NEW YORK, Oct 7 (Reuters) – The yield on the benchmark US 10-year Treasury note rose on Friday, after a solid report on the labor market largely extinguished any remaining hopes the Federal Reserve would alter its path of aggressive interest rate hikes as it seeks to combat inflation.
Nonfarm payrolls increased by 263,000 jobs last month, the Labor Department said in its closely watched employment report on Friday, above the 250,000 estimate of economists polled by Reuters. The unemployment rate fell to 3.5% from the 3.7% in the prior month.
Expectations the Fed will raise interest rates by 75 basis points (bps) increased following the data as fed funds futures implied as much as a 92% chance the policy rate will be increased to a 3.75% to 4% range at its November meeting, up from the 85% before the data release.
“Probably there were some people out there hoping for a weaker number that could set the stage for a Fed pivot. I’m sure they were disappointed,” said Sameer Samana, senior global market strategist at Wells Fargo Investment Institute in Charlotte, North Carolina.
“We’ve been through the ‘Fed’s going to pivot and pause’ thing enough times now that hopefully there’s not too many people betting on that given the Fed’s comment. You could argue that hope springs eternal but it was dashed once again.”
The yield on 10-year Treasury notes was up 6.4 basis points to 3.888%. The yield was on track for its tenth straight weekly rise, its longest such streak since 1994.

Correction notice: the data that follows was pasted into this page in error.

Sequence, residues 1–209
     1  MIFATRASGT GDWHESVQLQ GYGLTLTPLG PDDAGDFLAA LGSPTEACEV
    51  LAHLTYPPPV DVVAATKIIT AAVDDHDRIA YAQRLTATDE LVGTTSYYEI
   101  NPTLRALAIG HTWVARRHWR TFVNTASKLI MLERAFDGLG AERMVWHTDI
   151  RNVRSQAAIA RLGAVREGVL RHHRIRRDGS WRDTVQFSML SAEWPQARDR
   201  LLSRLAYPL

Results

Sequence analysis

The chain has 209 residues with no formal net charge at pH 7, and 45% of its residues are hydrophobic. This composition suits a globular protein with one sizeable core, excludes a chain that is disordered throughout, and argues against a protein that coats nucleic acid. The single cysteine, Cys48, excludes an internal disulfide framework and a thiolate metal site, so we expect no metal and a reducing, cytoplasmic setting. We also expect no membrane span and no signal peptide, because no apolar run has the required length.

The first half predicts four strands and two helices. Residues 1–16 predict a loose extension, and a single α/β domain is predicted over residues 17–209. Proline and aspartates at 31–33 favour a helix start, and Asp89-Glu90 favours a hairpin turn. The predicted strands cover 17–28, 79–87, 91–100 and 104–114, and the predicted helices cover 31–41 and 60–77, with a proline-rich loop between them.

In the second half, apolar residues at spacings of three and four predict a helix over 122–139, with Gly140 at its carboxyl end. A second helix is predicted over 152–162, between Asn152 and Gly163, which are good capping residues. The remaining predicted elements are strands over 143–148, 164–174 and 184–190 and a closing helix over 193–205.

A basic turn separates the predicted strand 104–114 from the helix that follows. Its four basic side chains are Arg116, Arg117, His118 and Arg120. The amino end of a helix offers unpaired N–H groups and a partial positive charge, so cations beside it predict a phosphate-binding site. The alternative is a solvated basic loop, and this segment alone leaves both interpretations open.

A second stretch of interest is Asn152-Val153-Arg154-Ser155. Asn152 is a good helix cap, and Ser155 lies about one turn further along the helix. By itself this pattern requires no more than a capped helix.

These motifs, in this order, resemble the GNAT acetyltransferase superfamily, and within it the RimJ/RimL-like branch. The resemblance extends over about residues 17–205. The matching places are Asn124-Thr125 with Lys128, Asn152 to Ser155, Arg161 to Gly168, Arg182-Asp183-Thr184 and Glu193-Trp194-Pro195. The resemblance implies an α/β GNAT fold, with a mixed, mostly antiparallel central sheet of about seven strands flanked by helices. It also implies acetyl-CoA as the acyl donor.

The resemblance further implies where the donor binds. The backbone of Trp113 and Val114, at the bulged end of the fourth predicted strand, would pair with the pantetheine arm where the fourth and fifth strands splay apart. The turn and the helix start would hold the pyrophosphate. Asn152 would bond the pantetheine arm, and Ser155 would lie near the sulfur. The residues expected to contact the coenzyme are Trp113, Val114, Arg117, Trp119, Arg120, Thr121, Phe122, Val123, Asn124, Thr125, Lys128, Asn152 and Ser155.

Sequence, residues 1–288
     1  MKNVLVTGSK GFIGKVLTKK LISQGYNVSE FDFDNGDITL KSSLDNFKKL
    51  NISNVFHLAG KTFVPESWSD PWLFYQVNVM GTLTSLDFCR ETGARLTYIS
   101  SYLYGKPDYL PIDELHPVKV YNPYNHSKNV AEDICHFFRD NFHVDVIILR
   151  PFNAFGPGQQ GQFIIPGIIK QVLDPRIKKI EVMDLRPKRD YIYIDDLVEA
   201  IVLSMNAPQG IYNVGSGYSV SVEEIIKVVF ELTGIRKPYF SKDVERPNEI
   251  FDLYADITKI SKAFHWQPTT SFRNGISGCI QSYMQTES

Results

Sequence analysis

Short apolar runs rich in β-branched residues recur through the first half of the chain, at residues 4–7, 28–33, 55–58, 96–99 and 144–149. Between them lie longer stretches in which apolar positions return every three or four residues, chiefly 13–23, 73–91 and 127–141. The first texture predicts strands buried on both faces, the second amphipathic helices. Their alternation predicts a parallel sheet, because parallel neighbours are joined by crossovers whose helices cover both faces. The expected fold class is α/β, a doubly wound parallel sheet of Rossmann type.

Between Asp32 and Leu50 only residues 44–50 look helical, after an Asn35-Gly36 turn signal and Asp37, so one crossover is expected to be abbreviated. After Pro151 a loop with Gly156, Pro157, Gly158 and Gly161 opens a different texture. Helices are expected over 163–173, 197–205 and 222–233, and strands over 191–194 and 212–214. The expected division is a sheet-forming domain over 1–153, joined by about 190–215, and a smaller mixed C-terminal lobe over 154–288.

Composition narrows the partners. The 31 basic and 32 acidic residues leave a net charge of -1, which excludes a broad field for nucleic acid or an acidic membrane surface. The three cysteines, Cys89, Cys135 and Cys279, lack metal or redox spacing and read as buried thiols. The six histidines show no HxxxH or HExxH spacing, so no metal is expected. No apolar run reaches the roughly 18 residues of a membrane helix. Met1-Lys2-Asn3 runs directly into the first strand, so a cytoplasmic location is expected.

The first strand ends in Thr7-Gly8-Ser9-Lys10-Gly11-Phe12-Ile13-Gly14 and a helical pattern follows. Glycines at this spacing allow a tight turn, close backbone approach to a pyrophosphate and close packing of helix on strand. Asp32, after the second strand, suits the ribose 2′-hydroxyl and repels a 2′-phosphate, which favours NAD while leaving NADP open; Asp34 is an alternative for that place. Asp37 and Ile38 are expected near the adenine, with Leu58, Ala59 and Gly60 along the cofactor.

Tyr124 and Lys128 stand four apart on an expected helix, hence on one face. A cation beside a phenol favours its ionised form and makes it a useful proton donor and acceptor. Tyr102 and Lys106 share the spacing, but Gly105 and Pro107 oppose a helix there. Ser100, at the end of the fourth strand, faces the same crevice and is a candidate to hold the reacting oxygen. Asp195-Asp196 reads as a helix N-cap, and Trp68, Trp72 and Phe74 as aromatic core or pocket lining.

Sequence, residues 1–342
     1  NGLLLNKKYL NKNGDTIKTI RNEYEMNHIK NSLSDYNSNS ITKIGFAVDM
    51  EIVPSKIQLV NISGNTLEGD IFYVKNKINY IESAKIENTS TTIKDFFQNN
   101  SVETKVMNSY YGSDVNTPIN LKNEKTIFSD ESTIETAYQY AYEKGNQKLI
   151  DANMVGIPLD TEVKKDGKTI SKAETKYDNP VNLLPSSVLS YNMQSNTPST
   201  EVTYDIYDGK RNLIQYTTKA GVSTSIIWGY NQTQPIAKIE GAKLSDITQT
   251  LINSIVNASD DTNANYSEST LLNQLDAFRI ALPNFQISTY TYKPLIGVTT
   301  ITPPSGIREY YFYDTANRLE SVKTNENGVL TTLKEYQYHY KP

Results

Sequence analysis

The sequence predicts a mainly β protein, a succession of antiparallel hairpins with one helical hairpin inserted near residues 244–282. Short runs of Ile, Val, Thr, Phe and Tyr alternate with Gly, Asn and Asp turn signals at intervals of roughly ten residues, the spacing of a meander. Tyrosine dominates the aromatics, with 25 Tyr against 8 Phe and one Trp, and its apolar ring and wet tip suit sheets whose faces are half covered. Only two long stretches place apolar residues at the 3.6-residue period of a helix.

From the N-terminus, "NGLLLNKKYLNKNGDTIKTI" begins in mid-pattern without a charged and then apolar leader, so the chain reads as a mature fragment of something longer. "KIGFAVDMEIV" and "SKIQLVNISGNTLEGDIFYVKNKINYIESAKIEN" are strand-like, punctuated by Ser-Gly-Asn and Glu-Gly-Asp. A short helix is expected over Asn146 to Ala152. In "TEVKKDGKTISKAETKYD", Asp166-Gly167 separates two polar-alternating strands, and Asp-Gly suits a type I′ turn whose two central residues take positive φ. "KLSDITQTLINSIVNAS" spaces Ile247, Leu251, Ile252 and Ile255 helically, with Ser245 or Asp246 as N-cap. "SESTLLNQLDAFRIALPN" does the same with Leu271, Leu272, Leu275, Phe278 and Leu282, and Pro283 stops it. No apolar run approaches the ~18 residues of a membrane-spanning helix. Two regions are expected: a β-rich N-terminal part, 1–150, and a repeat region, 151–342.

Treasury yields have been sensitive this week to any signs the labor market might be slowing in hopes it would give the US Federal Reserve room to pivot to a less hawkish policy stance and slow its rate of interest rate hikes after three straight increases of 75 basis points.
The yield on the 30-year Treasury bond US30YT=RR was up 5.1 basis points to 3.844%.
But Fed officials have been consistent in recent comments that the central bank will take aggressive measures in hiking interest rates to combat rising inflation, raising concerns among investors it could tilt the economy into a recession.
New York Federal Reserve President John Williams said on Friday the Fed has more work to do to lower inflation and rebalance economic activity in a more sustainable way, while Minneapolis Federal Reserve Bank President Neel Kashkari said “inflation is much too high.”
A closely watched part of the US Treasury yield curve measuring the gap between yields on two- and 10-year Treasury notes, seen as a reliable indicator of a recession when inverted, was at a negative 42.5 basis points, up from the negative 57.85 hit on September 22.
The two-year US Treasury yield, which typically moves in step with interest rate expectations, was up 6 basis points at 4.310%.
The breakeven rate on five-year US Treasury Inflation-Protected Securities (TIPS) was last at 2.423%, after closing at 2.352% on Thursday.
The 10-year TIPS breakeven rate was last at 2.273%, indicating the market sees inflation averaging 2.3% a year for the next decade.
(Reporting by Chuck Mikolajczak, additional reporting by Sinéad Carew; Editing by Nick Zieminski)
This article originally appeared on reuters.com